The Burning of the Clavie
The Burning of the Clavie, one of northern Scotland's distinctive fire festivals, takes place each year, in Burghead on the Moray Firth coast. It happens on the 11th January and greets the New Year (using the traditional Julian Calendar)
In September 1752, Great Britain moved from the Julian Calendar to the Gregorian. The 2nd of September 1752 was, therefore, followed by the 14th September, losing the eleven day difference between Julian and Gregorian calendars. People rioted in order to "get back their lost eleven days". However, in some communities, like Burghead (and Foula part of the Shetland Islands) still observe certain winter festival dates according to the Julian calendar. And, so, the burning of the Clavie marks the start of the new year in Burghead.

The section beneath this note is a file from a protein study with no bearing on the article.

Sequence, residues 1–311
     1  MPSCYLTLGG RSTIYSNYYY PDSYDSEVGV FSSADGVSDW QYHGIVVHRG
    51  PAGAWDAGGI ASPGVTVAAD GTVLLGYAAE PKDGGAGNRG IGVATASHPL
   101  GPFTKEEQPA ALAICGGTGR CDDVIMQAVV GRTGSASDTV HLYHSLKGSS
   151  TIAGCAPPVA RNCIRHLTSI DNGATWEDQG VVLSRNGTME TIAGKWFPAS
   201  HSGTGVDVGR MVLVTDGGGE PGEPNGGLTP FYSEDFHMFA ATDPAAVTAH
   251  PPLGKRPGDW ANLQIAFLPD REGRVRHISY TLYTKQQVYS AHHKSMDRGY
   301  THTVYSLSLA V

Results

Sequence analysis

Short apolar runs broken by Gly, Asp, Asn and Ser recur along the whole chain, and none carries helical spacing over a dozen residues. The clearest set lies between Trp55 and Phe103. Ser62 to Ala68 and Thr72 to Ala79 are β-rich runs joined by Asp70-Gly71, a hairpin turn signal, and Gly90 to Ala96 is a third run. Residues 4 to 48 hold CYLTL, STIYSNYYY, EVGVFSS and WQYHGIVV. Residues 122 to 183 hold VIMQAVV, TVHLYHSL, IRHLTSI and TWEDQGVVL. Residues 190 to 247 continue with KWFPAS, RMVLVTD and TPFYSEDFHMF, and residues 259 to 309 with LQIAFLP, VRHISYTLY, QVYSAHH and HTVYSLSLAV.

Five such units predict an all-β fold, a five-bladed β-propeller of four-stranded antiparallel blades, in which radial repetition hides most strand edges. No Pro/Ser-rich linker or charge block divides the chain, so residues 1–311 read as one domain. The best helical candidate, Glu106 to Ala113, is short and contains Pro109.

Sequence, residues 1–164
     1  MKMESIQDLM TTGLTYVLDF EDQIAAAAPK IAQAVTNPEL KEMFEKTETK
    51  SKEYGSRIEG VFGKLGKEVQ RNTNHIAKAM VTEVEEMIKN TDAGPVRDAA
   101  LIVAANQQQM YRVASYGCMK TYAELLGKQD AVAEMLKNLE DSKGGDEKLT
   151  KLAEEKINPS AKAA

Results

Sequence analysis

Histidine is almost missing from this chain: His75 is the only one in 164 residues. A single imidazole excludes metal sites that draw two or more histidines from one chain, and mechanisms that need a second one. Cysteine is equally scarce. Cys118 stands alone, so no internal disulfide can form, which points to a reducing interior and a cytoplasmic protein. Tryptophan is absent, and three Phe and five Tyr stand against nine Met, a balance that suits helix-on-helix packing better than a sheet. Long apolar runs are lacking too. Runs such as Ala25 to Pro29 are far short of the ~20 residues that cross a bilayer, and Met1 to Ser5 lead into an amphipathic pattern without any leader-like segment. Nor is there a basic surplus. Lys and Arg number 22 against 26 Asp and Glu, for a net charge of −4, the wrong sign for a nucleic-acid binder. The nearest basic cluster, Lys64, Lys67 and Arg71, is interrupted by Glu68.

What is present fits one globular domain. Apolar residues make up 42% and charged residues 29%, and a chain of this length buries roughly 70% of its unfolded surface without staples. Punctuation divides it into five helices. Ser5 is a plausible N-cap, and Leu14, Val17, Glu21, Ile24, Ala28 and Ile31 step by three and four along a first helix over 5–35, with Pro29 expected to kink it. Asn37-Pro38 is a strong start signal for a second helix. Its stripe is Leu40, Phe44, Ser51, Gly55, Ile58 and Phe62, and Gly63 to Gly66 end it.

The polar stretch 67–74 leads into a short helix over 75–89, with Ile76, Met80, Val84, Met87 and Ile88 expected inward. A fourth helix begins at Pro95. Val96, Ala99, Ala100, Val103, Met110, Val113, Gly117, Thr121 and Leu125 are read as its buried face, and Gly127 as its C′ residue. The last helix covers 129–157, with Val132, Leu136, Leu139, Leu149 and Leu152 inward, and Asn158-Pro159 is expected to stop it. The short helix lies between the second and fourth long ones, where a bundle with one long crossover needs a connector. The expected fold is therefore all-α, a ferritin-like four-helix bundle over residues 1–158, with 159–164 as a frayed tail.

The Clavie is a flaming barrel full of staves and it is carried around the town, followed by a large procession. Eventually, the Clavie is brought to the Doorie Hill on the ramparts of the ancient Pictish Fort. It is wedged in place on Clavie stone and after being refuelled it sits there until it burns itself out and falls down the hill. Its smouldering embers are eagerly awaited by the crowd; a piece of the Clavie is said to bring good luck for the coming year. Indeed pieces of the Clavie are sent around the world to exiled Brochers, as natives of Burghead are called.